Internet trolling is no laughing matter
The practice of “trolling” – leaving calculatedly inflammatory comments on public forums – has long been a feature of internet discourse. Usually “troll” comments are malicious without being criminal: an example might be going onto a cat-lovers forum and announcing you regularly pluck the hair off your Siamese. Trollers tend to post something troglodytic, then sit back and watch normal forum users round on their pseudonym with fury. A much darker side to this exercise has come to the fore after an internet troll was jailed yesterday for posting vile messages on Facebook tribute pages set up to commemorate dead teenagers. Sean Duffy, 25, was given a sentence of 18 months after police traced the abusive messages to fake email addresses he had created.
His victims included Natasha MacBryde, a 15-year-old who committed suicide after receiving a message from an anonymous bully on social networking site Formspring. The day after her death, Duffy wrote “I fell asleep on the track lolz” on a page created by McBryde’s brother. Five days later he posted a Youtube video, Tasha the Tank Engine, which featured an image McBryde’s head spliced onto Thomas the Tank Engine. Duffy next created a page entitled RIP Lauren Drew after the 14 year old died from an epilepsy attack. He added images entitled Lauren’s rotting body and impersonated the dead teenager: “Help me Mummy, it’s hot in Hell”. One of Lauren’s friends was blamed for the hate campaign and took a drug overdose. Also trolled by Duffy were Hayley Bates, 16, who died in a car crash, and Jordan Cooper, 14, who was stabbed to death by his uncle.
The court heard that Duffy suffers from Asperger’s syndrome and leads a “miserable existence”, binge-drinking alone at home. He did not know any of his victims, and has received a five-year ASBO prohibiting him from visiting social networking sites including Facebook, Twitter and Bebo.
- Not criminal. Toby Young, who has himself been a victim of what he terms cyber-bullying, wrote in The Daily Telegraph that he felt a custodial sentence to be the wrong answer. Duffy was prosecuted under the 1988 Malicious Communications Act that makes it illegal to for someone to send a grossly indecent or offensive letter. “As it stands”, wrote Young, “the legislation is an affront to free speech.” Who’s to judge what is grossly offensive?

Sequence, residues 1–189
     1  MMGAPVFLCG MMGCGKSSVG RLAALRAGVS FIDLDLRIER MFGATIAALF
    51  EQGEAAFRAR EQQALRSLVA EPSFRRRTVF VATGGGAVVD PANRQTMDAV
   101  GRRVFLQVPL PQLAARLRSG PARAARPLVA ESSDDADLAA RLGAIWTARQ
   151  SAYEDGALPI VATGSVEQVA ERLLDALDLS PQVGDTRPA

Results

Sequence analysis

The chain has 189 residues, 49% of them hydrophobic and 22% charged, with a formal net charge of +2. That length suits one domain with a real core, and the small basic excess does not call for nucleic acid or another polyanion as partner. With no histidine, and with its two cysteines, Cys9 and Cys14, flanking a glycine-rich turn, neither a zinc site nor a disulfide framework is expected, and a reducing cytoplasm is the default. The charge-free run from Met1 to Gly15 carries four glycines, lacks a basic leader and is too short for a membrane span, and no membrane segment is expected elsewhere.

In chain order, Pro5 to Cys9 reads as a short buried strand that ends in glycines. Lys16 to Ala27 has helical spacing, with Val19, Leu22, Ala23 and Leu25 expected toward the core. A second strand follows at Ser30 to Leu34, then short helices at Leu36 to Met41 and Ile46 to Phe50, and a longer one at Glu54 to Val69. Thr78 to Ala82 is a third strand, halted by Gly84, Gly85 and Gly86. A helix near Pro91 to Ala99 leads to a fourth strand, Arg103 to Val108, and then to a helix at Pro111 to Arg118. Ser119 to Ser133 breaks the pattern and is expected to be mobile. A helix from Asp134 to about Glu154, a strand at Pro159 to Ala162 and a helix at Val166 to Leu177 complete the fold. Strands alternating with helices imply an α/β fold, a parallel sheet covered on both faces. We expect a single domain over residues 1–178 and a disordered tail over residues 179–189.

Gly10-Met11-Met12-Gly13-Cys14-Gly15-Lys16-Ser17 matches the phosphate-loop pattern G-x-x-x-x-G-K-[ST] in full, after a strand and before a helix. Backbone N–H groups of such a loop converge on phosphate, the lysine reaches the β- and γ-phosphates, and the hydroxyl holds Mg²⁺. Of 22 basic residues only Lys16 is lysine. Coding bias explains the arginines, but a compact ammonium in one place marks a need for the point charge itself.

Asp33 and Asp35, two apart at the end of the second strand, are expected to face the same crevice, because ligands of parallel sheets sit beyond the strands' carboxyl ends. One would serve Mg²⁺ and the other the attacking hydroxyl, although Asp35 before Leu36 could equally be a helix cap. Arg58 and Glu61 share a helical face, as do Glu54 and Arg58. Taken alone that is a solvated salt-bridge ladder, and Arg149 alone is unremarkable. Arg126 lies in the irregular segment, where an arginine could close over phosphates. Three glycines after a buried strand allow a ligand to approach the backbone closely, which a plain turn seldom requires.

- Nowhere to hide. Det Ch Insp James Hahn, of Thames Valley police, stated that: “Malicious communication through social networking is a new phenomenon and unfortunately shows how technology can be abused. However, our investigation shows that offenders cannot hide behind their computer screens.” Natasha Macbryde’s father, Anthony, also hoped that Duffy’s sentencing would impact on other trollers: it “shows other trollers that they are not anonymous and they will be caught if they continue their vile games.”
- Why do they do it? Fevzi Turkalp, a technology expert from gadgetdetective, argued that it is the veneer of anonymity that encourages trolling. “People feel protected by anonymity and the true nature of people comes to the fore,” he said.
- Worrying Trend. The BBC ran the story, adding that a rise in cyber-attacks on teachers has been observed. Chris Keates, General Secretary of the NASUWT, the largest teachers’ union, said pupils had started to use “sophisticated tools” against teachers. “Misuse of internet sites can destroy teachers’ confidence and professional reputation and provide yet another vehicle for false allegations against staff. New cases of abuse, harassment and humiliation are emerging all the time.”